The novel tunable terahertz (THz) meta-device that allows for signal delivery to specific receivers has been developed by City University of Hong Kong (CityU).
The widespread adoption of such a device, made using advanced 3D printing technology, has implications for saving energy and protecting privacy. It offers many benefits for 6G communications, wireless power transfer and remote sensing. The low-cost fabrication method is also highly promising for industrial-level components in 6G communication.
The CityU team behind the discovery is led by Professor Chan Chi-hou, Acting Provost, Chair Professor in the Department of Electrical Engineering (EE) and the Director of the State Key Laboratory of Terahertz and Millimeter Waves (SKLTMW), Professor Tsai Din-Ping, Chair Professor in EE, Dr Chen Mu-Ku, Assistant Professor in EE, Dr Wu Gengbo, a postdoctoral fellow of the SKLTMW; and Zhang Jingcheng, a PhD student in EE.
During the research, the team demonstrated how rotary metasurface technology can fully control the THz beam’s radiation direction and coverage area based on 6G communication requirements.
The metasurface, which is 30 mm in diameter, comprises over 15,000 artificial minute meta-antennas fabricated through 3D printing. The THz wave can be projected onto an arbitrary spot in a 2D plane or even a 3D space. Only a user located in a specific spot can receive the signal.
“This arbitrary manipulation of the THz focused beams allows the signal to track the specific receivers without wasting power on nearby receivers and impairing privacy,” said Professor Tsai. “The research offers great benefits for advanced communication systems, including security, flexibility, and signal concentration.”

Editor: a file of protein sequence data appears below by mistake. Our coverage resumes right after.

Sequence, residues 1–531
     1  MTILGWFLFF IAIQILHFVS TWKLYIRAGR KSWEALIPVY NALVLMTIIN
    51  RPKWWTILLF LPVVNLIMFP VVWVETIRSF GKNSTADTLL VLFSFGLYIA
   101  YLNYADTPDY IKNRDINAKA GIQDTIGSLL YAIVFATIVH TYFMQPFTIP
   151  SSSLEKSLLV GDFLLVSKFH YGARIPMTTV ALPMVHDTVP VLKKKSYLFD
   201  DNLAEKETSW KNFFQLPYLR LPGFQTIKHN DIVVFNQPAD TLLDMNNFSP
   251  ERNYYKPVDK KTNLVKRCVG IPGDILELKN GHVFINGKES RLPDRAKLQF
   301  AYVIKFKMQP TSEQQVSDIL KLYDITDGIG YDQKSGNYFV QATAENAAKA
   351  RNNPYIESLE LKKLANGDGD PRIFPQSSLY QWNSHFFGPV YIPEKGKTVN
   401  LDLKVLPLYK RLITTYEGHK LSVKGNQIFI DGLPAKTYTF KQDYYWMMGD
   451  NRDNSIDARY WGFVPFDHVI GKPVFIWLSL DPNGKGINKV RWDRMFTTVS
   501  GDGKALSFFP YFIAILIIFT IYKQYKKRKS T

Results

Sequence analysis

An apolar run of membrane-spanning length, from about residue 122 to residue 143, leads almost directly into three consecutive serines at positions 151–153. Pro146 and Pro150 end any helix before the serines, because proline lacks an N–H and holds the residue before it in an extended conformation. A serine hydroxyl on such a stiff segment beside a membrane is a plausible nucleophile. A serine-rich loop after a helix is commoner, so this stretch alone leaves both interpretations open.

Extensive and accurate computing was required to design the meta-device for focal spot manipulation in a 2D plane and 3D space to produce the precise location of each spot.
“This was the most challenging part of the discovery,” said Zhang Jingcheng. “We made the varifocal meta-devices by incorporating and rotating several phase profiles, i.e., the cubic, gradient, and focusing phases while performing various projections within two or three metasurfaces.”
As a proof of concept, the team used two kinds of varifocal meta-devices to manipulate the wavefront and focus arbitrarily. The doublet meta-device is designed for steering the Airy beam focusing in a 2D plane, while the triplet meta-device is used for manipulating the Gaussian focal spot in 3D space. The design of the meta-devices was tested and validated in SKLTMW.
The findings have been published in the prestigious journal Science Advances titled “A 6G meta-device for 3D varifocal”.
Professor Tsai and Professor Chan are the corresponding authors. The co-first authors are Zhang Jingcheng, Dr Wu and Dr Chen. The research was supported by the Research Grants Council under the University Grants Committee; the Shenzhen Science and Technology Innovation Commission; and the Department of Science and Technology, Guangdong Province.